City Council passes ordinance for Plant B
Thomasville City Council passed an ordinance Tuesday night giving the owner of the former Thomasville Furniture Industries Plant B building 90 days to start improving the site or demolish it.
Council unanimously approved the ordinance, which also authorizes city staff to go onto the property to take corrective actions to secure the site. City attorney Paul Mitchell said the ordinance "takes the order of the building inspector to the next level" and gives council several options when it comes to abating the nuisance created by the 100-year-old eyesore. City Inspector Mike Cranford issued a finding of fact to Fisher Ferry LLC, the company that owns the plant, on Oct. 18, 2012, allowing 60 days to bring the structure up to compliance. When nothing happened, the city elected to move on with the ordinance.
"The ordinance does not direct the property to be demolished immediately," Mitchell said. "It directs in the first place the property owner or the LLC secure the property and make it safe. That is, we agree, the most important step. Second, if that doesn't occur, then it needs to be demolished. There are 90 days in which to do that."
During a public hearing, Frank Edmondson, a representative of Fisher Ferry LLC, told council that property owner Jeff Schwarz doesn't intend to let the building crumble to ground and would like more time to rectify the matter. Edmondson said that should council elect to begin the abatement and condemnation process and start placing liens on the property, he would advise Schwarz to file for bankruptcy on behalf of Fisher Ferry LLC.
"Like it or not, it will get through bankruptcy and you will end up with a building without being able to put liens on it," said Edmondson. "It's not what the city wants and it's absolutely not what Jeff wants. We want to try and make this work as much as we can."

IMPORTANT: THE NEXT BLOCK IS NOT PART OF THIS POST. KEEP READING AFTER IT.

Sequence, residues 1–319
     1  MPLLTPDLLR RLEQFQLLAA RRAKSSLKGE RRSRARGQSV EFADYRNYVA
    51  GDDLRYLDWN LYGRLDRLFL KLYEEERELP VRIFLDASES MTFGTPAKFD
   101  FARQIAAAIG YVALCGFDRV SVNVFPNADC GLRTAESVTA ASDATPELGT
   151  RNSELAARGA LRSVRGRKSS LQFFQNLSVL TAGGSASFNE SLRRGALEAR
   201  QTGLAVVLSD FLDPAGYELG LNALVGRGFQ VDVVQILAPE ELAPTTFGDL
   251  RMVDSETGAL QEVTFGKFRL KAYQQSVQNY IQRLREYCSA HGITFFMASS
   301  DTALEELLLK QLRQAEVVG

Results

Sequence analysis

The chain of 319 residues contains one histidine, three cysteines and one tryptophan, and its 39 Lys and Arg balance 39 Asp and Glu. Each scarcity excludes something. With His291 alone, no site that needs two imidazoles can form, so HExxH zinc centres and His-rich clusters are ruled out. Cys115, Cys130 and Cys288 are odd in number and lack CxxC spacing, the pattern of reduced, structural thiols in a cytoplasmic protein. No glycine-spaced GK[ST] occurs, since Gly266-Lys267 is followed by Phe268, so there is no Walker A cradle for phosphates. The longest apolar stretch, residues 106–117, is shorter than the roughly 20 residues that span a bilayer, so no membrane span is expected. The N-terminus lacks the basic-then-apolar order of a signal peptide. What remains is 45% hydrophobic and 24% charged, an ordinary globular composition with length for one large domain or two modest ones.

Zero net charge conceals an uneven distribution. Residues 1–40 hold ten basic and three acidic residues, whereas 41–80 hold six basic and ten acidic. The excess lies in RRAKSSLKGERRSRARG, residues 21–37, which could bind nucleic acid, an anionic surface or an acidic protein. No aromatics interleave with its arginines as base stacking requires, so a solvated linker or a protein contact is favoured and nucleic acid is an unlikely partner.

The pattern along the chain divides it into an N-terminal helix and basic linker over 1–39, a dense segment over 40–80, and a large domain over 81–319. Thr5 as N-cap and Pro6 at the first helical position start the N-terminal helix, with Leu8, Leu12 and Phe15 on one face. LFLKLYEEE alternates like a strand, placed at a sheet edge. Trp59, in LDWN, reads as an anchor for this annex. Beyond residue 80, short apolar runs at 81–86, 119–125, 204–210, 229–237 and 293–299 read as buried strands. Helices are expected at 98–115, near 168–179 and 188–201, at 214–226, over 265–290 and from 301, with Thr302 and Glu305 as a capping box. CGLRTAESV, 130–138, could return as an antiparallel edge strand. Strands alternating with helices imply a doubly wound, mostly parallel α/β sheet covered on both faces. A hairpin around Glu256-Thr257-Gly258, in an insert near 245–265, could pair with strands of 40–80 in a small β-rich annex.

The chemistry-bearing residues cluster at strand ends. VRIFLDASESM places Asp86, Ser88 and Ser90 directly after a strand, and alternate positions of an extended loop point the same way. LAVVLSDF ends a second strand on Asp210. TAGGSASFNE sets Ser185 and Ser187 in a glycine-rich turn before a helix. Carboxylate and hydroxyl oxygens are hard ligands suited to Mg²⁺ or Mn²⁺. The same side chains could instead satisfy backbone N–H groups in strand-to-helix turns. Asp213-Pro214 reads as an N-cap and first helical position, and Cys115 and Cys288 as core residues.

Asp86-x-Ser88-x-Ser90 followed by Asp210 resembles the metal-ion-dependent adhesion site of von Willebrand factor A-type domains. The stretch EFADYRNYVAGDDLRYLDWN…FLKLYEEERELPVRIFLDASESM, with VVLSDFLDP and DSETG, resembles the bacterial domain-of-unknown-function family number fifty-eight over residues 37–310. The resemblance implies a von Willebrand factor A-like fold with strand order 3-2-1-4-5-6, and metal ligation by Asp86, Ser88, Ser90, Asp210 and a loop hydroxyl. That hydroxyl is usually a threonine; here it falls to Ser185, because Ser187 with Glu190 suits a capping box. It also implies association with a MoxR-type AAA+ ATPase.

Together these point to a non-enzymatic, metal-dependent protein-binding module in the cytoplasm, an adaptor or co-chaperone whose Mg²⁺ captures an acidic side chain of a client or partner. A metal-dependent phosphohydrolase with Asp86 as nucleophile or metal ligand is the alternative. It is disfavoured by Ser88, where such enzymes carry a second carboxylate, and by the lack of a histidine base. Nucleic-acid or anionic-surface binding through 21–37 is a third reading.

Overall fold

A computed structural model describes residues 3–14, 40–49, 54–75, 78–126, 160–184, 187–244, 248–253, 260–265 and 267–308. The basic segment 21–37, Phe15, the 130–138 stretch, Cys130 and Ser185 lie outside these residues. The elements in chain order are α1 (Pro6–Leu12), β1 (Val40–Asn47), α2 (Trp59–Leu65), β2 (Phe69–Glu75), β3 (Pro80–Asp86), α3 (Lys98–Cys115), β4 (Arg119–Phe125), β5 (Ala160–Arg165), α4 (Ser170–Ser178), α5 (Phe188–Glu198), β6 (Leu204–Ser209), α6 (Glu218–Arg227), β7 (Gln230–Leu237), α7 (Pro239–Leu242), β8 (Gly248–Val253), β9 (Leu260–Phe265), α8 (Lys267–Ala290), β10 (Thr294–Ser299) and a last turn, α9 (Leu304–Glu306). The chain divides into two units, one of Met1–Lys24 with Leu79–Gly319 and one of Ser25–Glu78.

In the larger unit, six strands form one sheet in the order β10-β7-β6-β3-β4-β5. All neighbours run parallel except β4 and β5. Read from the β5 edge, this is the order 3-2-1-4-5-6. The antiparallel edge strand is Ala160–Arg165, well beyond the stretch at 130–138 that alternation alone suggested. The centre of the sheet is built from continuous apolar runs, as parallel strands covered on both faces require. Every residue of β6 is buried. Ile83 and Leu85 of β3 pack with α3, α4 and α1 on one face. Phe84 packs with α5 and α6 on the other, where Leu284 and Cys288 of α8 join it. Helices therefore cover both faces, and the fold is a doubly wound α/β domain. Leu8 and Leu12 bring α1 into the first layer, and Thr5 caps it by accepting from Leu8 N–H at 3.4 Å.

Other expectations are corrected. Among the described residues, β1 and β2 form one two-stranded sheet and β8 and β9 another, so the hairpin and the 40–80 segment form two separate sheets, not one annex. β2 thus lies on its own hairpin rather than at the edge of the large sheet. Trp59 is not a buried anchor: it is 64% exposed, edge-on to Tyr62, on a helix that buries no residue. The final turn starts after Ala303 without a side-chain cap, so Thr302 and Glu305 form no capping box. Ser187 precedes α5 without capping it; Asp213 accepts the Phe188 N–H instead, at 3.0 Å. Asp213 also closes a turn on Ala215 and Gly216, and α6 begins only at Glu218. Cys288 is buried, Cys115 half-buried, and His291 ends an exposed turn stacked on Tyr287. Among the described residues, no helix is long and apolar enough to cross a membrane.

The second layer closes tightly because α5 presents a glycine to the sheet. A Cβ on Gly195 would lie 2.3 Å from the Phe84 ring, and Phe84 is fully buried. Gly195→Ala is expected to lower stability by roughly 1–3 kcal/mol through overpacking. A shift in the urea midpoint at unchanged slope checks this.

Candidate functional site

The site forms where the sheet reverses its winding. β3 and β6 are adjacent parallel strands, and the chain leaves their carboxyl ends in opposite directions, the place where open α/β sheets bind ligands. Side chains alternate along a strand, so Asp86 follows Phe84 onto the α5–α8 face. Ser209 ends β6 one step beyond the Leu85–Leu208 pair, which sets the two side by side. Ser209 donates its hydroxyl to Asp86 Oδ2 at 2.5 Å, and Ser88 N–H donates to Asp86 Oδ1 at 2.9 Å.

Edmondson said Fisher Ferry LLC does not have the assets to begin addressing the dilapidated structure, as Schwarz owns thousands of properties, including many with tenants. Edmondson said he understands the city's situation but providing a timetable is something he can't do at this point.
"The city doesn't want to take on this responsibility and we don't want to either, but it's our asset and we plan on doing something about it," Edmondson said. "What [Schwarz] wants is to have sufficient time. Now it's up to Mr. Schwarz. if he does want to consider abiding by what the city's decision is or look at the financial ramifications of it. We have considered a corporate bankruptcy. It's going to put the burden on the city basically. This will only be if they do file some liens. It would put the entire burden on the city then."
Several council members expressed their willingness to work with Schwarz after more than two years of inactivity at the site. Council would like to see that some efforts are being made to keep the property secure and abate the nuisance.
"We're willing to work with them in any way we can, as we have been for two years now," said Councilman Raleigh York. "You've got 90 days, that's three months. That's a lot of good time that you can show us the good faith that you have in abating this problem."
Councilman Neal Grimes said trust is becoming an issue.
"Why should we trust you now?" Grimes asked Edmondson. "We want to. We want you to fix the building. We don't want to have to tear it down but it's kind of hard at the 11th and a half hour to say 'OK lets throw all this aside and trust you' because we have not been able to count on anything you or any of your representatives have said."
When asked how the situation reached this point following the meeting, Edmondson said local municipalities don't do a very good job of keeping people out of vacant buildings. He said a security fence is not going to stop vagrants or other trespassers from gaining access to the site.
"The fence isn't going to stop too many people," Edmondson said. "It's not a beautiful property. Its gone under a lot of hardship the past couple of years. We know it's not beautiful but we're not going to let it rot to the ground. We're also not going to be forced to make something in their city beautiful. The building really has been taken advantage of. It's unfortunate. Right now, all I can do is discuss with Mr. Schwarz what his options are and hopefully we will be able to work something out with the city."
Demolishing the plant is expected to cost approximately $400,000. Cranford told Mitchell the costs of bringing the building up to code would exceed 50 percent of its value.
Staff Writer Eliot Duke can be reached at 888-3578, or email@example.com.